Roman-age farm estate opens in West Hungary
Largest estate in region features numerous buildings and remains, 3D screening room, and a 700,000-piece replica of an ancient mosaic floor
The exterior of the Villa Romana Baláca (left) and a view of the large replica of a mosaic floor as it would have appeared in Roman times.
Central Europe's largest uncovered Roman-age farm estate with more than 20 buildings, including the remains of baths, a lapidary and a cemetery, opened its gates in Nemesvamos in western Hungary on Wednesday, a spokesperson of the Dezső Laczkó Museum in Veszprém said.
Although installation at Villa Romana Baláca is still under way to be fully ready for the summer, visitors can see museum experts making finishing touches, Mona Gaspar said.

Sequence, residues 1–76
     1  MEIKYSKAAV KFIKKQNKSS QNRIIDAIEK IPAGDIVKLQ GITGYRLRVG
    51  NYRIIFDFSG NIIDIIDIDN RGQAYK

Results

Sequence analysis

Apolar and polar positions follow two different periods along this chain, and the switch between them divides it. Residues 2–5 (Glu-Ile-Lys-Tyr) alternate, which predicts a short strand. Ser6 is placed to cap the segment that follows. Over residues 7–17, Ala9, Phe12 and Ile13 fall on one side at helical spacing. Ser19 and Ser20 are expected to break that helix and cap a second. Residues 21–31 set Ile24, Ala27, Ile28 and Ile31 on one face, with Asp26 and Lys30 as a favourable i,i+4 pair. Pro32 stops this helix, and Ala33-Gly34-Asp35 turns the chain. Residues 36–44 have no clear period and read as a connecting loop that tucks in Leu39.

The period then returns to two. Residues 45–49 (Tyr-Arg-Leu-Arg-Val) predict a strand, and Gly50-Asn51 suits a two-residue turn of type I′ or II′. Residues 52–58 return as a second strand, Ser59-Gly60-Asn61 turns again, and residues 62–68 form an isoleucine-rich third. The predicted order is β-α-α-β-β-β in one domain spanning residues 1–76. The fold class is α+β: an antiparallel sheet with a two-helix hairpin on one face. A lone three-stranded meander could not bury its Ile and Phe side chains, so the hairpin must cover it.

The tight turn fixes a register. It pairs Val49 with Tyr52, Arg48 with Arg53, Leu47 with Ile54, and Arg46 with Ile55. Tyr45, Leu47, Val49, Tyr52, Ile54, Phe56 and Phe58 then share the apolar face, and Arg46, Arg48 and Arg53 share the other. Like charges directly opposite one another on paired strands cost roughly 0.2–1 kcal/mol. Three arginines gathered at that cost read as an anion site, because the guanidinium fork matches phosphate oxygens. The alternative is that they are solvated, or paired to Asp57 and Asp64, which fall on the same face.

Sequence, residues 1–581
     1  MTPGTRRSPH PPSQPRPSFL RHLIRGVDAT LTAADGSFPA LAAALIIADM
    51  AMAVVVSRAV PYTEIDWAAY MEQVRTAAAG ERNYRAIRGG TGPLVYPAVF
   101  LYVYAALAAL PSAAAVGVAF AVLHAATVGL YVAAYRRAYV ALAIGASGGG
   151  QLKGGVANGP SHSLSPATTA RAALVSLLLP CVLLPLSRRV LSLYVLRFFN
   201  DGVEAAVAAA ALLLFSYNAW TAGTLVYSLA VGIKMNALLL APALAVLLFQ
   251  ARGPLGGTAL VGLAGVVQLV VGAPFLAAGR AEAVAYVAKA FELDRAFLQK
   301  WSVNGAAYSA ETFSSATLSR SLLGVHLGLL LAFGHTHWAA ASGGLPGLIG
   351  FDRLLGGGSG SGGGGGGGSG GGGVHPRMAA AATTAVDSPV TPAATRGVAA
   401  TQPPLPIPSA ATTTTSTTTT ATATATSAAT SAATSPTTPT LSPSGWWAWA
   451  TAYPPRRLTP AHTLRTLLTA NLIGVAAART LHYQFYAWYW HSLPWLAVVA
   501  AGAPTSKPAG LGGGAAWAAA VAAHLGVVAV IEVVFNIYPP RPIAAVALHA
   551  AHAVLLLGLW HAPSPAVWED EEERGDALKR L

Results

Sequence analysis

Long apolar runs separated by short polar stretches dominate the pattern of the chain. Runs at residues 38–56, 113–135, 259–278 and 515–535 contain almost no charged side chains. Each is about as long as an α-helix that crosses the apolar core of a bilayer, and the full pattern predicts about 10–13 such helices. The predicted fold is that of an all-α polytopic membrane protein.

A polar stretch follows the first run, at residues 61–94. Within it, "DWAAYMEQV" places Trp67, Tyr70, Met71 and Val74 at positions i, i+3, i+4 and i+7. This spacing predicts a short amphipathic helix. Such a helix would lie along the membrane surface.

The site will be complete with a 700-thousand-piece replica of a mosaic floor and the addition of furniture to fully evoke Roman rural life 2,000 years ago in the Roman Empire's Pannonia province.
Visitors will be able to experience the recreation of Roman life with the help of a 3D screening room, the museum's website said.
The archaeological site that was discovered by ploughmen in 1904 will host its first summer event on June 1 with a theatre programme, a Roman war-craft show and wine-tasting.